SpaceX has a busy Sunday lined up as the company plans back-to-back Falcon 9 launches nine hours apart. This is the shortest span between two orbit-class flights originating from Florida since 1966. The goal is to put 60 additional Starlink satellites into orbit with one launch and an Argentine remote-sensing satellite in the other.
SpaceX has clearance from the FAA and the Air Force to attempt its back-to-back launches. However, the weather may not cooperate, killing the chances of a historic launch. Meteorologists are calling for a 50-50 chance of acceptable weather for the morning Starlink launch and only a 40 percent chance of go for the evening launch of the SAOCOM 1B satellite.
Assuming the weather cooperates, the Starlink launch will occur from pad 39 a at the Kennedy Space Center at 10:12 AM ET. That will be SpaceX’s 100 flight since its first Falcon 1 launch in 2006 and the 94th flight for the Falcon 9. If the Starlink launch takes place, SpaceX will have 713 satellites in its constellation. That flight will use a first stage making its second flight and will attempt to land an offshore drilling ship used again.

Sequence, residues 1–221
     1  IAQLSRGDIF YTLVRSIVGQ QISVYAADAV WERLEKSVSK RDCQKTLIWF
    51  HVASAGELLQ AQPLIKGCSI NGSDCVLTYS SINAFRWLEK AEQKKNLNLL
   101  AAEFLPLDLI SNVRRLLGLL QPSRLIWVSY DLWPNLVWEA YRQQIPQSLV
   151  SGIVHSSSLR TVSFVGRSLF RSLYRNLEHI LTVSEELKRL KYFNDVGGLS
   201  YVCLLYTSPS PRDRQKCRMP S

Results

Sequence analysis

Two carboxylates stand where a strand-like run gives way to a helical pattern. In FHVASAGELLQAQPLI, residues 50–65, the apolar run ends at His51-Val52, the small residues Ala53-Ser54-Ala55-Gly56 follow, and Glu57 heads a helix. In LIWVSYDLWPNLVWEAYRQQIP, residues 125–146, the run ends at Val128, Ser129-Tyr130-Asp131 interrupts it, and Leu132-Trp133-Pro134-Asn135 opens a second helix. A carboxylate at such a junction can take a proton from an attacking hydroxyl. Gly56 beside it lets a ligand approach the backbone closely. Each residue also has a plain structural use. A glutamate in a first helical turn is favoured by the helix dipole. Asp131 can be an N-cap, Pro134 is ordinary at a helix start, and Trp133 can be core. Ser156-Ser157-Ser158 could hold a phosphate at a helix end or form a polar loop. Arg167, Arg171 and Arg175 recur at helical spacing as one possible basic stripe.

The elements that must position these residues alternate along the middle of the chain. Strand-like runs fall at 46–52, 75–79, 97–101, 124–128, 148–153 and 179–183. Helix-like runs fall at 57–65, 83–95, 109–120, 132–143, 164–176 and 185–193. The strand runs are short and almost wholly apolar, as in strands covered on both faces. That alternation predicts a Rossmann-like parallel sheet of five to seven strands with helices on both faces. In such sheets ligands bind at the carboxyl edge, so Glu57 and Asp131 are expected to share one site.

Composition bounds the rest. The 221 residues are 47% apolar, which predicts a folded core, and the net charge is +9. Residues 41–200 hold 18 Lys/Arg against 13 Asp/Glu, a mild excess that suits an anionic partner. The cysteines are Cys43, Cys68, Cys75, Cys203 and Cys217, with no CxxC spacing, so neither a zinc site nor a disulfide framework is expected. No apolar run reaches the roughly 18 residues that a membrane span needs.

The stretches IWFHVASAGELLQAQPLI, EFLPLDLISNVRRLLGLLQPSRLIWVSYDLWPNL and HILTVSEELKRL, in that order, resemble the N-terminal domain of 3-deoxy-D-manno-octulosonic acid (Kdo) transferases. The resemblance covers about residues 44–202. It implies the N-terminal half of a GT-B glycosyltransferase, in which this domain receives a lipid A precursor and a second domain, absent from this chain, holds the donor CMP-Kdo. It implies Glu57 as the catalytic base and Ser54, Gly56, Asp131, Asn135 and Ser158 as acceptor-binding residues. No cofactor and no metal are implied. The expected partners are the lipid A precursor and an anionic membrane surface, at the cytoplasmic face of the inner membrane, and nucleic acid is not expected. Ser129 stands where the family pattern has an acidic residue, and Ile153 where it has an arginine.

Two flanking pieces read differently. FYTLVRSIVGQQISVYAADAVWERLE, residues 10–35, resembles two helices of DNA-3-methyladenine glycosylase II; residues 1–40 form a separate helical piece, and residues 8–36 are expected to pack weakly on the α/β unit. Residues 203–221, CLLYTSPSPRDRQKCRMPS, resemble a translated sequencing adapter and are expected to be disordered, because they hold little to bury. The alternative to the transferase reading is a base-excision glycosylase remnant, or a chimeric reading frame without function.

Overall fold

The second flight is scheduled for nine hours and six minutes after the morning lunch from pad 40 in Cape Canaveral. The satellite it pushes in orbit will be placed into orbit around the Earth’s poles and will be the first such flight since 1969 from Florida. The first stage of that rocket is making its fourth flight and will attempt to land at Cape Canaveral Air Force Station.
If both first-stage boosters and successfully, the company will have completed 60 first stage recoveries. The second lunch will have an interesting trajectory heading south and performing a dogleg maneuver that will take its flight path directly over Cuba.